WASHINGTON (Reuters) - The U.S. Senate on Thursday gave final legislative approval to a $1.2 trillion spending bill to keep the government open through September, a measure President Donald Trump is expected to sign before Friday's deadline.
Senators from both Republican and Democratic parties voted in favor of the bill, which passed 79 to 18 with only Republicans opposing the measure, citing minimal changes to spending levels.
The bill, which was passed 309-118 in the Republican-controlled U.S. House of Representatives on Wednesday, now heads to Trump. While it failed to include many of the items Trump had requested, he is expected to sign the bill before midnight Friday, when without his signature the government would shut down.
As soon as this spending measure is law, lawmakers and Trump must already begin looking forward to the next deadline on Oct. 1. Lawmakers are hopeful they can pass regular spending bills but the process is likely to be complicated by Republican efforts to repeal Obamacare, a desire to rewrite the tax code and a need to find a deal to raise the debt ceiling since the limit is expected to be reached in the fall.
Under the compromise measure, the Pentagon's funding increased, a priority that had been laid out by Republicans and Trump. It also funded Democratic priorities, including health care subsidies.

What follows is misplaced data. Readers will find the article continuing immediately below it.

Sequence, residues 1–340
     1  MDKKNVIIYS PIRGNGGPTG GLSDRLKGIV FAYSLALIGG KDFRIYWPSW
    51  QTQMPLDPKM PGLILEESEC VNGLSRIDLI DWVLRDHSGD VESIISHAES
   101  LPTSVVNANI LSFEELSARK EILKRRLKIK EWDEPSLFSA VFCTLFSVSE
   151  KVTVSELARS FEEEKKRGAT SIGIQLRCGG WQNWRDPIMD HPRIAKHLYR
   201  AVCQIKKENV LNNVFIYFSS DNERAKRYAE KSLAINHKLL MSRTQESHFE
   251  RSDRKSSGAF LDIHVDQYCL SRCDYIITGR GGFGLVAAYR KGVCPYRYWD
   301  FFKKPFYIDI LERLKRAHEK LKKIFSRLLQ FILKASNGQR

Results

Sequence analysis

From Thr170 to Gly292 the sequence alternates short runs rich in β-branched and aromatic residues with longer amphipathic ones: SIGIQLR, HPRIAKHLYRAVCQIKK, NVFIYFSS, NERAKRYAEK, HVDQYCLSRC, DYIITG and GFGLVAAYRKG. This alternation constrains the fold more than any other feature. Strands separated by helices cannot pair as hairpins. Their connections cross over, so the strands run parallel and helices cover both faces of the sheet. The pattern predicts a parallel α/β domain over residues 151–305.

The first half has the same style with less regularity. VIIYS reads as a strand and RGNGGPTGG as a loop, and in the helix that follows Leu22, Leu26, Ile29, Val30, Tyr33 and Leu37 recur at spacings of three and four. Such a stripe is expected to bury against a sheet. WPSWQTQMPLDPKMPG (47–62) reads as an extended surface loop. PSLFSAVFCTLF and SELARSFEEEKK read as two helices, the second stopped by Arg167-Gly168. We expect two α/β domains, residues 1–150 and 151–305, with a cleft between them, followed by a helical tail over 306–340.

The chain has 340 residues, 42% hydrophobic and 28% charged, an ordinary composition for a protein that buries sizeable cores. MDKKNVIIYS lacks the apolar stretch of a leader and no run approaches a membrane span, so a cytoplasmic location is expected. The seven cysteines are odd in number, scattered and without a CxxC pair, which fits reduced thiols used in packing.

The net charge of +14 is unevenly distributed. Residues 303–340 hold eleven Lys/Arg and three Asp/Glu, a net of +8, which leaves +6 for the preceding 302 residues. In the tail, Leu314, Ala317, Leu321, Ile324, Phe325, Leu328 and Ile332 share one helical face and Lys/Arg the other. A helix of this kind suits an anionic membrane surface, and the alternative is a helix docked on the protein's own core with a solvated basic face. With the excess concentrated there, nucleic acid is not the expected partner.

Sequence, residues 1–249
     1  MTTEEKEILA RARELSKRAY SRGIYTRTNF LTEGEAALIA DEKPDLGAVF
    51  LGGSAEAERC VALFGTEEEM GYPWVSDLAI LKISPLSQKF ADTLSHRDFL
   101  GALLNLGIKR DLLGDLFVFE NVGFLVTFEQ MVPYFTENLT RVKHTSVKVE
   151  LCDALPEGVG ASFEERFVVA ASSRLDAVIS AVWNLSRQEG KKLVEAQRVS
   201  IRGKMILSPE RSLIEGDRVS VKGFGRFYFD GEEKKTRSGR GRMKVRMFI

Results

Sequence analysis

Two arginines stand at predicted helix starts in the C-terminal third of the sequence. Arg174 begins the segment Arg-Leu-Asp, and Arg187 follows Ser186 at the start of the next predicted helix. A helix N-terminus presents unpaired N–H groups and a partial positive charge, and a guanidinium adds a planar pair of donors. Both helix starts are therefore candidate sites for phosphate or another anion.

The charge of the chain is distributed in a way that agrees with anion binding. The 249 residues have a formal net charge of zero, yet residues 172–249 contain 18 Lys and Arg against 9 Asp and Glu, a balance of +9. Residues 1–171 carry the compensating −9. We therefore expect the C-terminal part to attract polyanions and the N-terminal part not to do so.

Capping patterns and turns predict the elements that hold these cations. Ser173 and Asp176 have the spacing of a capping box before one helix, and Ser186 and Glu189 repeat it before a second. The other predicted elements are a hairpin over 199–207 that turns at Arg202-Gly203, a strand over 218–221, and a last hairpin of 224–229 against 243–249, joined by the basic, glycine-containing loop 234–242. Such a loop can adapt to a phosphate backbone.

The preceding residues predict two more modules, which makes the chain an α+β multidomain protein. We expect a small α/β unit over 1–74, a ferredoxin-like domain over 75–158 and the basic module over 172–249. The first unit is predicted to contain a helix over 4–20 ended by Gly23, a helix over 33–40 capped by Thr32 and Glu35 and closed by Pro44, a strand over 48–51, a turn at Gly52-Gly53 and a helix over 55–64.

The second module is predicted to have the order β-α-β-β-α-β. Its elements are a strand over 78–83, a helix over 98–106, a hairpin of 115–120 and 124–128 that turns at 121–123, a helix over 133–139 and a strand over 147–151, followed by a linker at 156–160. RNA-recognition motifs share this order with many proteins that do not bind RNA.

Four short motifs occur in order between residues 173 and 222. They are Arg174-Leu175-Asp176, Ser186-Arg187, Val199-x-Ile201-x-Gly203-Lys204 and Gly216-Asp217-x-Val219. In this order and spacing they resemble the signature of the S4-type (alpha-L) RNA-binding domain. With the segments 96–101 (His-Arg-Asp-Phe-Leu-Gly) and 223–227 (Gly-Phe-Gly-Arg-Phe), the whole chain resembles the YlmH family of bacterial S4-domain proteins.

"This bill is far from perfect, but it's better than how we are spending our money today, better than how we were spending our money a year ago," Republican Senator Roy Blunt said on the Senate floor.
Democrats also claimed victory in the passage of the legislation, arguing that it fails to fund Trump's priorities including money to build a wall along the U.S.-Mexico border. Additionally, the bill funds subsidies for health care coverage provided through the Affordable Care Act, former Democratic President Barack Obama's signature domestic legislation.
Republican Senator Ted Cruz gave his reasons for voting against the bill.
"While I am pleased to see increased funding for our men and women in uniform and their critical missions across the globe, this bill fails in a number of ways, including by continuing to fund sanctuary cities, Planned Parenthood, and Obamacare," Cruz said.
Sanctuary cities are those that give limited cooperation to the federal government in enforcing immigration laws and Planned Parenthood is a conservative target because abortion is among the women's health care services it provides.
The spending bill does not include many of the spending cuts on domestic programs Trump had sought and adds $2 billion for the National Institutes of Health, $295 million for Puerto Rico's underfunded Medicaid healthcare for the poor and $407 million for firefighting in Western states.
The legislation adds $12.5 billion in defense spending. It makes $2.5 billion more available after Trump gives details on his plans for fighting the Islamic State militant group.
The bill was approved months after the Oct. 1 2016 deadline to pass government funding for the fiscal year. For the past seven months, federal agencies have been operating mainly on simple extensions of the previous year's funding and the priorities that came with that.
Reporting by Ginger Gibson; Editing by Grant McCool